Politics
11:58 am
Wed January 23, 2013

Sen. Rand Paul Says He Would Have Fired Secretary Hillary Clinton Over Benghazi Attack

U.S. Senator Rand Paul
Credit U.S. Senate

At his first meeting as a member of the Foreign Relations Committee, Sen. Rand Paul, R-Ky., told Secretary of State Hillary Clinton he would have fired her over the attacks at a U.S. consulate in Libya.

The hearing was the first time Clinton was able to testify about the Benghazi attacks and it was marked by tense exchanges with Republican committee members. Clinton defended her actions, and called out Congress for not adequately funding security requests.

In his opening statement, Paul rebuked Clinton's leadership at the State Department.

Kentucky's junior senator added that Clinton leaving the Obama administration was an acceptance of her culpability in what Paul called "the worst tragedy since 9/11."

Watch:

Business
11:25 am
Wed January 23, 2013

Union Membership Declines to Lowest Level Since 1930s

Teachers unions are among the hardest hit in national union membership.
Credit File photo

WASHINGTON — The nation's labor unions suffered sharp declines in membership last year, led by losses among public sector workers in cash-strapped states, cities, counties and towns.

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Politics
11:10 am
Wed January 23, 2013

Protests Aside, McConnell is Unthreatened Without 'Formidable Challenger,' Political Scientist Says

Mitch McConnell
Credit U.S. Senate

Nearly two years before he faces re-election in 2014, U.S. Sen. Mitch McConnell has been under regular attack for his policy stances — from both conservative and progressive groups in Kentucky.

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Shots - Health News
10:28 am
Wed January 23, 2013

Painkiller Paradox: Feds Struggle To Control Drugs That Help And Harm

Carolyn Tuft and her daughter Kirsten (seen here in 2005) were the victims of a shooting at a Salt Lake City mall in 2007. Kirsten was one of five bystanders killed, and Carolyn was left in severe pain.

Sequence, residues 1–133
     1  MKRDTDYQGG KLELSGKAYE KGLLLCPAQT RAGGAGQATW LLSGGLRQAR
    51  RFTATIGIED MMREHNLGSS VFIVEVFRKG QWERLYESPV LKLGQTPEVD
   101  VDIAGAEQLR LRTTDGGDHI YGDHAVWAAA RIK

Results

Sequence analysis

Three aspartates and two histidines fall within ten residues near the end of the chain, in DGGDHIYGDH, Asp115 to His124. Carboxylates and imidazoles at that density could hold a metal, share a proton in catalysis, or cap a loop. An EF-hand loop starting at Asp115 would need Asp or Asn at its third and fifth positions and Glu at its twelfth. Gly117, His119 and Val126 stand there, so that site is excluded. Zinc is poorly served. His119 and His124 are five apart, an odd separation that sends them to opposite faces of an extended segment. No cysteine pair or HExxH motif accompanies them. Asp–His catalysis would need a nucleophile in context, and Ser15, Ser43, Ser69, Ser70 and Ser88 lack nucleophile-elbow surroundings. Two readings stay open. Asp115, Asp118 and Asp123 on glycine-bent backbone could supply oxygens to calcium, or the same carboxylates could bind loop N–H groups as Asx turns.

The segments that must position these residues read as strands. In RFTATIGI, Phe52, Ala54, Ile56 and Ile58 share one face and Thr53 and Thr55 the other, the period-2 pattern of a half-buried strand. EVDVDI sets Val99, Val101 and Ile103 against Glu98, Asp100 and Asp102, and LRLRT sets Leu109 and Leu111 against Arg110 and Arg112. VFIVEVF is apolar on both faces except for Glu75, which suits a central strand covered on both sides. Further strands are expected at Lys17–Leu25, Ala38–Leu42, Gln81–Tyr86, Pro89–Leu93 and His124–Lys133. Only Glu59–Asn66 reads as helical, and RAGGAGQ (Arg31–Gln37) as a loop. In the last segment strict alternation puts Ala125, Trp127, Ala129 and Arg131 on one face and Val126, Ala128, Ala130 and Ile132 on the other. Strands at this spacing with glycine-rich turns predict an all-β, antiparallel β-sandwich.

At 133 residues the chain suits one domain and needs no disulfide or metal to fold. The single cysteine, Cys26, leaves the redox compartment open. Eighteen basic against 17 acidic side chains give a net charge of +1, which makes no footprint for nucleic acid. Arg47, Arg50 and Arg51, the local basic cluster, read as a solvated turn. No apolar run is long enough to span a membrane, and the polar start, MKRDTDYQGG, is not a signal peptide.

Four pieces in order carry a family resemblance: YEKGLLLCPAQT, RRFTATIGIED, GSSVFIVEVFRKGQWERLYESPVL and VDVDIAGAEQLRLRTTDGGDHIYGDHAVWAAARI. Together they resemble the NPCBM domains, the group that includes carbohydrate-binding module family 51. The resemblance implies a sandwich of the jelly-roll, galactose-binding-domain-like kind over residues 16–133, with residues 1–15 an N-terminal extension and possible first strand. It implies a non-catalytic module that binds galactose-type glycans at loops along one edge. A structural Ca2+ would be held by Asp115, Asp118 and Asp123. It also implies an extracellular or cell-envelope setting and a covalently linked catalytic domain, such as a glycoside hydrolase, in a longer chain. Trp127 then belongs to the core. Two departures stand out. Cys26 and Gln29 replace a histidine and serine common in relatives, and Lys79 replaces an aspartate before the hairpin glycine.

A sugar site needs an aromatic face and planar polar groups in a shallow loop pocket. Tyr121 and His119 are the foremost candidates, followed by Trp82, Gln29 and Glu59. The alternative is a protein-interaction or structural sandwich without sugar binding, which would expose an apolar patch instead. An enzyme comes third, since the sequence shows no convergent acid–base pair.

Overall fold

Courtesy of Carolyn Tuft

Originally published on Wed January 23, 2013 1:38 pm

A few years ago, a doctor started prescribing Michael Israel painkillers for bad cramps in his gut. Israel had been struggling with Crohn's disease, a chronic digestive disorder, since he was a teenager.

"So he was prescribed, you know, Lortab, or Vicodin or whatever. You know, they would flip-flop it from one to another," says Avi Israel, Michael's father.

Then one day, Michael confessed that something was wrong.

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The Two-Way
9:34 am
Wed January 23, 2013

As Hillary Clinton Testifies, How Will Libya Shape Her Legacy?

Secretary of State Hillary Clinton testifies Wednesday before the Senate Foreign Relations Committee on the attack on the U.S. mission in Benghazi, Libya.
Mandel Ngan AFP/Getty Images

Originally published on Wed January 23, 2013 3:34 pm

  • On 'Morning Edition': Michele Kelemen reports

Update at 3:30 p.m. ET. Clinton Testifies Before House Committee:

One of the defining moments of Hillary Clinton's tenure as secretary of state was her strong advocacy for U.S. military intervention that helped oust Libyan dictator Moammar Gadhafi in 2011.

But as she prepared to step down from the post, she faced a grilling from Republicans in both the House and the Senate over what went wrong in Benghazi, Libya, on Sept. 11, 2012, when four Americans were killed, including Ambassador Chris Stevens.